In a study published today in the journal Cell, UC Berkeley Nutritional Sciences and Toxicology professor Anders Näär led a group of researchers from 12 institutions in the United States and Europe, to better understand a region on the second human chromosome previously linked to both the digestion of milk and metabolic disorders. They discovered that a microRNA, which are tiny snippets of non-coding RNA that prevent genes from making proteins, is associated with energy storage and metabolic diseases such as obesity, insulin resistance, and type 2 diabetes.
The miR-128-1 microRNA, a tiny snippet of regulatory RNA emanating from the ‘dark matter’ of the genome previously thought to be junk DNA, controls energy metabolism and contributes to metabolic diseases such as obesity and type 2 diabetes. It is linked to human evolutionary selection for survival of famine in ancient times. Graphic design by Jonathan Grenier.
The path to this discovery began with the seemingly unrelated topic of adult milk consumption. For most of human history, humans have been unable to consume milk after infancy because the body stops producing lactase, the intestinal enzyme required to digest the milk sugar lactose, after weaning. About 5,000 years ago, a variant of a chromosome locus containing the lactase gene appeared in Europeans, allowing humans to digest milk into adulthood. Its spread through Europe was attributed to the idea that, in livestock herding populations, adult milk consumption would provide an additional source of nutrition and therefore higher survival rates when food was scarce.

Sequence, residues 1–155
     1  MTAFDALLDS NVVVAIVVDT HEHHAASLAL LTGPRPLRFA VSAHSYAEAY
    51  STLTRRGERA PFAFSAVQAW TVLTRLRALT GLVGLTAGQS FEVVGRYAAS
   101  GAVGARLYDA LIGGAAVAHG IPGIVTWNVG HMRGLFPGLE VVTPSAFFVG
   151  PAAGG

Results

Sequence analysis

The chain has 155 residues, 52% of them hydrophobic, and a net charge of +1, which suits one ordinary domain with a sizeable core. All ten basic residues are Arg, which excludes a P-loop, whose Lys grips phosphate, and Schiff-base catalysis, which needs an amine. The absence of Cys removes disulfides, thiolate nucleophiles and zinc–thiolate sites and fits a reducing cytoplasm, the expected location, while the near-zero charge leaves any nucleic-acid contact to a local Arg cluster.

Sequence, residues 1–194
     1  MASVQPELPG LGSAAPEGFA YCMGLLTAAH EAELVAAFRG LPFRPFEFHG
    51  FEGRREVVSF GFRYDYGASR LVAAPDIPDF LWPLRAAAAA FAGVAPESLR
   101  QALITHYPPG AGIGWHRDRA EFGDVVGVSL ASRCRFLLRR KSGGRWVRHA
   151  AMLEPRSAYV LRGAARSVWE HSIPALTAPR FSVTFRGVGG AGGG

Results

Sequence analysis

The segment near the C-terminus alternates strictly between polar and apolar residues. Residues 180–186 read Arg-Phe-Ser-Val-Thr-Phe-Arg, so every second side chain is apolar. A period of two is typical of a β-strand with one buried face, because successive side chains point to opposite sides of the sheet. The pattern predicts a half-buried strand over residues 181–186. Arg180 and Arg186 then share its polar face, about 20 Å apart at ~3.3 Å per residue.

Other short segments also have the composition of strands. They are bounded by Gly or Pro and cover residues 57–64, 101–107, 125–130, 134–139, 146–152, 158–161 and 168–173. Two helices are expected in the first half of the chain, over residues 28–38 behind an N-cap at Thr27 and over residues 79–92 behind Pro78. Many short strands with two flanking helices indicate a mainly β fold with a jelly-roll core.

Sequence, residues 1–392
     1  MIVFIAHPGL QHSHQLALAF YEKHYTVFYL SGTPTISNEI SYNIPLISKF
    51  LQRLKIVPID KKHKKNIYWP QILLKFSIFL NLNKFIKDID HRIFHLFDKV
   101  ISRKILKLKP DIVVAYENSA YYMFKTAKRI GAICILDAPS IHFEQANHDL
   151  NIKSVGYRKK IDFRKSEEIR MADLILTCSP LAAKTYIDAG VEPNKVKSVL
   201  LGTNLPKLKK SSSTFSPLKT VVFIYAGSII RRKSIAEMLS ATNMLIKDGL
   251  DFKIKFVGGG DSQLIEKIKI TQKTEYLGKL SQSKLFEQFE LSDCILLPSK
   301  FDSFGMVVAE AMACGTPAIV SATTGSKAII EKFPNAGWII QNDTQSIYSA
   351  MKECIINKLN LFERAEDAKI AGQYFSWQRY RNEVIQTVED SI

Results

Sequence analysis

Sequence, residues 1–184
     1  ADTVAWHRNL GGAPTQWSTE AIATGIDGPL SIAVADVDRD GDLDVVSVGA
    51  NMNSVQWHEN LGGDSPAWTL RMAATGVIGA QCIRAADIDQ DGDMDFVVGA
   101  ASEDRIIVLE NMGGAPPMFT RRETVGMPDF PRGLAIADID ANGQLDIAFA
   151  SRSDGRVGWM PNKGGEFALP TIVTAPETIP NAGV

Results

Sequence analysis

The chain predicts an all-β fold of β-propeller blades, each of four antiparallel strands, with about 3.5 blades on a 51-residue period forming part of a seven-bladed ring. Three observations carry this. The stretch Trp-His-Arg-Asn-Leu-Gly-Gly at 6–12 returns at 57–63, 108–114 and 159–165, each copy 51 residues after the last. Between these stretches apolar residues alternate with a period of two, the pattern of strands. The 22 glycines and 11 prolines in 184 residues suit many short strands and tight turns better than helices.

Today, highly developed countries face problems related to nutritional overabundance rather than famine. Due to sedentary lifestyles and ample cheap, calorie-dense food, metabolic diseases are on the rise in many countries. Such conditions as obesity, insulin resistance, and hypertension—all tied to excess food consumption—have contributed to higher rates of cardiovascular disease, diabetes, cancer, and stroke.
For a long time, scientists have puzzled over which molecular and genetic underpinnings in the genome are associated with obesity. While obesity has a clear genetic element, studies have largely failed to find strong support for a single “obesity gene.” Interestingly, researchers had found that the chromosomal region associated with lactase persistence was also linked to obesity and type 2 diabetes. But this did not explain the ability to drink milk in adulthood.
Indeed, milk spoils quickly and archeological records have revealed that herding populations were able to preserve dairy as cheese or yogurt, a process which removes most of the lactose. Individuals without the mutations were therefore likely able to consume preserved dairy products during famines, raising the question as to whether something else in the variant chromosome locus might provide a survival advantage.
Näär, then a professor in the Department of Cell Biology at Harvard Medical School and an investigator at the Massachusetts General Hospital Cancer Center, had previously noticed that the European version of the chromosome 2 locus not only contained the lactase gene, but was also home to a microRNA called miR-128-1, which he and other collaborators had found was a crucial regulator of circulating cholesterol levels.